Vaccines no magic bullet

Vaccines no magic bullet

With droves of young and old already going out of their homes in the run up to the Christmas shopping rush, with the misplaced hope the vaccines against the coronavirus pandemic are about to be rolled out, we should pay regard to the warning raised by the World Health Organization.

WHO has warned against vaccine complacency, stressing it is erroneous to believe the COVID-19 crisis is over with persistent jabs on the horizon.

“Vaccines do not equal zero COVID,” said WHO emergencies director Michael Ryan, adding not everyone would be able to receive it early next year.

This means vaccination will add what Ryan said “a major, major, powerful tool to the tool kit that we have. But by themselves, they will not do the job” even as WHO Director-General Tedros Adhanom Ghebreyesus said progress on vaccines signaled “light at the end of the tunnel.”

The vaccines about to be rolled out are no magic bullet for the uncontrollable coronavirus, not a drug, treatment, nor medical therapy that provides an immediate cure to coronavirus without negative side effects or consequences.

Which means we should beware and be aware, that the vaccines may not provide an immediate and extremely effective solution to the COVID problem which is very complex or hard to resolve.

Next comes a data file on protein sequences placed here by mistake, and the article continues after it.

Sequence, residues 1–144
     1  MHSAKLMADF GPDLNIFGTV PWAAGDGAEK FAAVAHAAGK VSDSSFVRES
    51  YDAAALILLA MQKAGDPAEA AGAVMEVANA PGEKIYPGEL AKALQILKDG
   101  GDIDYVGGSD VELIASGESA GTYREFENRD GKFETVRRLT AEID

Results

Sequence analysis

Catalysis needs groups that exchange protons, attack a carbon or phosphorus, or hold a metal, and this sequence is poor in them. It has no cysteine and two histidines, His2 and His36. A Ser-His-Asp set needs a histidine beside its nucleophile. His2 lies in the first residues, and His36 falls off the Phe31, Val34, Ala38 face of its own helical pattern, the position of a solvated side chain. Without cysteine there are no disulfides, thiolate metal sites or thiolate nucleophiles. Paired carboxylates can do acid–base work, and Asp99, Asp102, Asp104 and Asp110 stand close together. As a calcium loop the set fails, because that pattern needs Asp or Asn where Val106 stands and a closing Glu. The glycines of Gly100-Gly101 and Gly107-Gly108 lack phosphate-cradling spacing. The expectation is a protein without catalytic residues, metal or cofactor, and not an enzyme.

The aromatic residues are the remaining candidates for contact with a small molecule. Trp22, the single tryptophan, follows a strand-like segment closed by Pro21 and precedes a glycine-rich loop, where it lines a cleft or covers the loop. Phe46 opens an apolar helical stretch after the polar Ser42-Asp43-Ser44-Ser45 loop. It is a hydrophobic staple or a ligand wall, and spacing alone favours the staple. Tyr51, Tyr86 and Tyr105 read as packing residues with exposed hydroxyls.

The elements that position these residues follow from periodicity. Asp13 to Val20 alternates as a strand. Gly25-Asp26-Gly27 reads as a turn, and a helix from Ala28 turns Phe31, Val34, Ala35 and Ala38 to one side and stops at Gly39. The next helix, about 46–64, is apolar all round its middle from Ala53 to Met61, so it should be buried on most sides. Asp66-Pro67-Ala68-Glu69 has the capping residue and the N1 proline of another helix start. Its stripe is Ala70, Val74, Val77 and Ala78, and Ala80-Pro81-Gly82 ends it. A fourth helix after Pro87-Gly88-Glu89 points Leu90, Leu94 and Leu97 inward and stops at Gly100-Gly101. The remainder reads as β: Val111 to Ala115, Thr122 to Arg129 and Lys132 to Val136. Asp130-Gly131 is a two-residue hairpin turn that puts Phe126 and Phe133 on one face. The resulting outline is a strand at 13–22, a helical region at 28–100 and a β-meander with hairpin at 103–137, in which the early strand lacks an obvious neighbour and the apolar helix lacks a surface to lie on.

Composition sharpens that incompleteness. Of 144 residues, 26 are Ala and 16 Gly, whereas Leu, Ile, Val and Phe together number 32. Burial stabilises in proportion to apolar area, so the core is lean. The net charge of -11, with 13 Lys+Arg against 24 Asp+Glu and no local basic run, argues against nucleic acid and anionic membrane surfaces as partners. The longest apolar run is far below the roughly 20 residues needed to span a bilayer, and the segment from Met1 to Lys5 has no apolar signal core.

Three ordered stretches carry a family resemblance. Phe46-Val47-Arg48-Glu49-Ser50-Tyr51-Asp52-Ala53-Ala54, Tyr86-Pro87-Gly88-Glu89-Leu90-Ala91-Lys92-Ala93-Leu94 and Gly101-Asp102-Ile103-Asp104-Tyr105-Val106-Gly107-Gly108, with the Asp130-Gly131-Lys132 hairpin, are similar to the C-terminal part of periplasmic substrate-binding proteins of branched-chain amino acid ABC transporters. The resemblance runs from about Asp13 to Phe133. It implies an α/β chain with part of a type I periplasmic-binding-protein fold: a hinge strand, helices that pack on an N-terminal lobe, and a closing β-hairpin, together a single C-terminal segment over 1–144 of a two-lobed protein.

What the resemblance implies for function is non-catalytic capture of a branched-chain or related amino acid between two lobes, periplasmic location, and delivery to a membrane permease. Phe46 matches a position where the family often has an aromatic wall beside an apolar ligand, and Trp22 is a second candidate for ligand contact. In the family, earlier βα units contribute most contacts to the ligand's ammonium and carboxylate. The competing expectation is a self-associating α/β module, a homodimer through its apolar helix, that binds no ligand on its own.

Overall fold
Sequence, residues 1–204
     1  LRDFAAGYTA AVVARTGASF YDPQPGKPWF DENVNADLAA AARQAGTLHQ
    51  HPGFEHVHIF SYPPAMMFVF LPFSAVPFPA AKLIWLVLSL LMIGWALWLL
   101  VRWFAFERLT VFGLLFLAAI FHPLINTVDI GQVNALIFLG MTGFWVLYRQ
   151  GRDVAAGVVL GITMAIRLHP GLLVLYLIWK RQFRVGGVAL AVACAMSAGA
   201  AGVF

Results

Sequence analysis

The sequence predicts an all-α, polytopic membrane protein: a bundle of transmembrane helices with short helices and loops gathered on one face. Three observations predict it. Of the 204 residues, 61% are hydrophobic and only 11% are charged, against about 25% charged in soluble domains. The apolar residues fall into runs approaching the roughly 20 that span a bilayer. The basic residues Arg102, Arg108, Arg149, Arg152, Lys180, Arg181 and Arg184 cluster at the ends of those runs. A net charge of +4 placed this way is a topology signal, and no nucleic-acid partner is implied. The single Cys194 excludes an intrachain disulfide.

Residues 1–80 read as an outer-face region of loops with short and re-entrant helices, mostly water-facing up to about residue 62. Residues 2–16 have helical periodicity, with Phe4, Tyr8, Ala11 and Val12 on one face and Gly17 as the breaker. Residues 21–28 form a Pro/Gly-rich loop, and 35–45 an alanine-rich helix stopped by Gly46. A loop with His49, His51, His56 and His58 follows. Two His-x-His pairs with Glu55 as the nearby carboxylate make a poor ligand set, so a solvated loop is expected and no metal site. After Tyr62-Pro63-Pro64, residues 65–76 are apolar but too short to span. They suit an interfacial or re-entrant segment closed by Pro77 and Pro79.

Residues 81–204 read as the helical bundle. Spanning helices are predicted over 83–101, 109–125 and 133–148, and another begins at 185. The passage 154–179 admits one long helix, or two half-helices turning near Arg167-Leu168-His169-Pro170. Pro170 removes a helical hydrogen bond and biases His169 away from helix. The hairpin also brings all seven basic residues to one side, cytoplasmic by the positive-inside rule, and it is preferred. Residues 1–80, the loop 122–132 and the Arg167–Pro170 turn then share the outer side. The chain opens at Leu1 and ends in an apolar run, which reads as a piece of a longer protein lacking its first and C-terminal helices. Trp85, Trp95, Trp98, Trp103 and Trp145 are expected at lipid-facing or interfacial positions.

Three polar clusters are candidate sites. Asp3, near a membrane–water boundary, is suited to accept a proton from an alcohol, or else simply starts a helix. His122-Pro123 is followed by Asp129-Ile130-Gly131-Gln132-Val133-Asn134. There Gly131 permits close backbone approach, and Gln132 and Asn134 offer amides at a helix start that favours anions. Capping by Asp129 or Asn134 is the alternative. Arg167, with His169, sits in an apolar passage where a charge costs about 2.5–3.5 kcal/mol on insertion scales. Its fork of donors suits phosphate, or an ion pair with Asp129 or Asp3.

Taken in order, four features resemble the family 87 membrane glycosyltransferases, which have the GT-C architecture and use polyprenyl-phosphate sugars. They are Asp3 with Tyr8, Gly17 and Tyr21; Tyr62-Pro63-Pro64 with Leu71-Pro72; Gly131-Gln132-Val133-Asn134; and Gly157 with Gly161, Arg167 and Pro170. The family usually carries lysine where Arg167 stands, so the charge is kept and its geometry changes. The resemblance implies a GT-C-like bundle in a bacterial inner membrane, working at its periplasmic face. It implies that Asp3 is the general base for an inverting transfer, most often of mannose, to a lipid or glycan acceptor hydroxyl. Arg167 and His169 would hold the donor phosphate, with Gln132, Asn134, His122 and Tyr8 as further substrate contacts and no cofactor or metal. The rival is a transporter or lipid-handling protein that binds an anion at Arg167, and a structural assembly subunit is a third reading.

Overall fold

WHO has said 51 candidate vaccines are being tested on humans, with 13 reaching final-stage mass testing.

Britain on Wednesday became the first Western country to approve an inoculation, from Pfizer-BioNTech, for general use, piling pressure on other countries to swiftly follow suit.

The United States is expected to give a green light later this month.

Belgium, France and Spain have said jabs will begin in January for the most vulnerable.

With the imminent arrival of vaccines that need storage at ultra-low temperatures, US companies are preparing for a massive logistical effort to aid their distribution.

Firms specializing in insulating containers are on a war footing after Pfizer and BioNTech said their vaccine needs to be stored at -94 degrees Fahrenheit (-70 Celsius).

Meat processing giant Smithfield said it was ready to put the cold rooms at its abattoirs at the disposal of rollout operations.